Language update is overdue
Arizona Republic
Jul. 2, 2006

The difference between the almost right word and the right word," wrote Mark Twain, "is the difference between the lightning bug and the lightning."

He might agree that our language needs an update, since the right words seem as trite as a land-line phone. In Arizona, we worry about teaching English to non-English speakers. We should spend equal time renewing our own knowledge.

That in mind, I suggest changes to the dictionary in several categories.
First is "The Overused Word." Let's start with "sexy." I can't think of a word that gets a more vigorous workout. You see, the lovely woman leafing through a novel at the bookstore is sexy. Jenna Jameson, on the other hand, is just . . . sex.

Another example is "genius." There are many extremely smart people in their fields, but in the world there are exactly three geniuses: Ray Charles (yes, still), Stephen Hawking and the founder of Starbucks. That's it. And there's no such thing as a political genius. Politicians cannot be genius, only clever.

Also, the media should consider what is truly "breaking news." A low-speed chase through suburban Toledo doesn't qualify. Headlines like "President eats monkey" or "Jesus returns" are breaking news.

But no other word deserves a break more than "miracle." For God's sake, could we please give this word a rest?

Randal McCloy is the man rescued in January from the Sago Mine in West Virginia. Pulling him from that mine was not a miracle. Hundreds of people dug through mud and rocks for days to find him; not miraculous, just astounding human effort.

Also, as a friend of mine noted, if McCloy's rescue was a miracle, what happened to his 11 co-workers who died? Bad luck?

The second category is "The Evolved Word."

As an example, "conservative" has wrongly become "nutbag." Despite the fact that most conservatives simply don't want to spend more than necessary, like to be left alone and want to make their own choices, the actual word has changed.

In Arizona, Libertarians are Conservatives, Conservatives are Moderates and Moderates are Liberals. Liberals are just endangered.

Then we have "eccentric." It used to mean, according to Webster's, "a bizarre person." Now it means "crazy with money."

"Religious" has also evolved into an unrecognizable word. I used to think my mother was religious: She prays often, goes to church every week and thanks God for every blessing she has received. Apparently, that doesn't count any longer.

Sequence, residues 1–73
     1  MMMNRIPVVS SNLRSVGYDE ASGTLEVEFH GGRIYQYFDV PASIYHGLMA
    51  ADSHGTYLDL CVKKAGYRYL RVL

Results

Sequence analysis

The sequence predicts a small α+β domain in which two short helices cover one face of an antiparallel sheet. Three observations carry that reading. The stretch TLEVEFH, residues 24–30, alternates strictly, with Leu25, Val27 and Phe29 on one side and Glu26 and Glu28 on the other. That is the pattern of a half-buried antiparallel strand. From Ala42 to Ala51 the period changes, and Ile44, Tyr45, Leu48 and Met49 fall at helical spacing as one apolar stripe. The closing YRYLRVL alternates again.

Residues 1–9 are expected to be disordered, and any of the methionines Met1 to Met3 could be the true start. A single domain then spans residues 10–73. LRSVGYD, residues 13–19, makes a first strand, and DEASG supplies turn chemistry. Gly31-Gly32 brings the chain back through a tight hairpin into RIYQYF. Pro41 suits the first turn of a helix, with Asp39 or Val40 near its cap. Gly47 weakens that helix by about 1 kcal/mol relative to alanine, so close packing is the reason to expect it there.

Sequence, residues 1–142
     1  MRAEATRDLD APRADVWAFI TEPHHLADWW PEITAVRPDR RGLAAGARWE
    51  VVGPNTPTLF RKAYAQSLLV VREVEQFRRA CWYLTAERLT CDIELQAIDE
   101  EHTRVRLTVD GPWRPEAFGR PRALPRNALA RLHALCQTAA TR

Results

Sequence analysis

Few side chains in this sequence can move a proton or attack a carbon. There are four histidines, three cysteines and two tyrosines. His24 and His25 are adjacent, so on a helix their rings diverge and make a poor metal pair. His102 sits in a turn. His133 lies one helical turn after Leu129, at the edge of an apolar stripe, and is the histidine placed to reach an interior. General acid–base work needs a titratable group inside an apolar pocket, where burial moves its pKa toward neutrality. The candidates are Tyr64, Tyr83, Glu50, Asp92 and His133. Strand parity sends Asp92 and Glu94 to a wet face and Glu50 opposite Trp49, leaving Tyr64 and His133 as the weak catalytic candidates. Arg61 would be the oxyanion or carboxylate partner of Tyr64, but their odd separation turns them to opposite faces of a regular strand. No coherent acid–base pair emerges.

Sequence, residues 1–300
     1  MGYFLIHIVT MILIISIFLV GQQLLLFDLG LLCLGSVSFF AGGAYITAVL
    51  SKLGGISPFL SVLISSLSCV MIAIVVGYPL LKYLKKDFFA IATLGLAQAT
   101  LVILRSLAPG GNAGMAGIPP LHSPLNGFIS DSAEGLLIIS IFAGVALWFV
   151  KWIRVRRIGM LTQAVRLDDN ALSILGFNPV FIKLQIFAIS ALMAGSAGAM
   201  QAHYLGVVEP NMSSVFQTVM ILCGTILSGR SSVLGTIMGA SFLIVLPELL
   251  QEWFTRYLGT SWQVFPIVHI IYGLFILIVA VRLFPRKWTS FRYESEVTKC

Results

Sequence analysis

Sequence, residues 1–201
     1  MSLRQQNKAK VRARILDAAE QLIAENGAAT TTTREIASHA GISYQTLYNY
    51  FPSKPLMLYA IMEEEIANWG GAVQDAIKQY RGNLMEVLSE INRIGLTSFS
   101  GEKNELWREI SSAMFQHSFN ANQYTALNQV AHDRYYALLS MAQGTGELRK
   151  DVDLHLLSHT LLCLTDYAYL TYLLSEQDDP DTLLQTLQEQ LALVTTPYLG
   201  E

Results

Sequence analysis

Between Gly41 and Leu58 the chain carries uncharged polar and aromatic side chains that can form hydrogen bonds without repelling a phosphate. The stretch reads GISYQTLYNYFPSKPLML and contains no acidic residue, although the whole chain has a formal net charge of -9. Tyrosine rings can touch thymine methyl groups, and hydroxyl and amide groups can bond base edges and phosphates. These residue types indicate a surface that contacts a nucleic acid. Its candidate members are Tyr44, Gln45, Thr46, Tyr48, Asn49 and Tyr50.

To be religious these days, you must be way out there. Suicide bombers are now religious. Hollywood celebrities go through religions like shoes ("celebrity" has also morphed, but more on that later). People think Pat Robertson is a religious leader. I think he's eccentric.

Of particular interest are words that undergo rapid evolution, like the bacteria scientists will artificially reproduce 13 billion times in, say, seven minutes. One such word is "blogger," which used to be an interesting, informed, independent online writer. Now a blogger is anyone with a Web site and an opinion.

"Singer" used to mean Sinatra; now it means Ashlee Simpson. "Cancer" was a deadly disease; now it's a selfish pro athlete. "Author" was Ayn Rand; now she's Ann Coulter.

The last category is "The Misused Word," which could include any of the above examples. But some words deserve their own group.

"Art" is one of them. Though the word has many definitions, I'll confine my analysis to visual arts such as painting or sculpture. Yes, beauty is in the eye of the beholder, and art is free expression.

But there are pieces in galleries, and more than a few works of taxpayer-funded public art, that stretch the word beyond common sense. So I propose a new definition: Art is anything I can't do myself.

In the Hollywood sense, of course, "celebrity" has forever been thrust upon us. But when someone with no talent or accomplishments becomes a celebrity simply by exposing every . . . single . . . bonehead . . . impulse on national reality television, its misuse is to the point of ridiculous.

So, to update: Celebrity requires actually doing something. Neil Armstrong was the first person to walk on the moon. That's a celebrity.

Come to think of it, Mark Twain would still be a celebrity and an author.
Maybe even eccentric. He might even try for sexy, but that would take a miracle.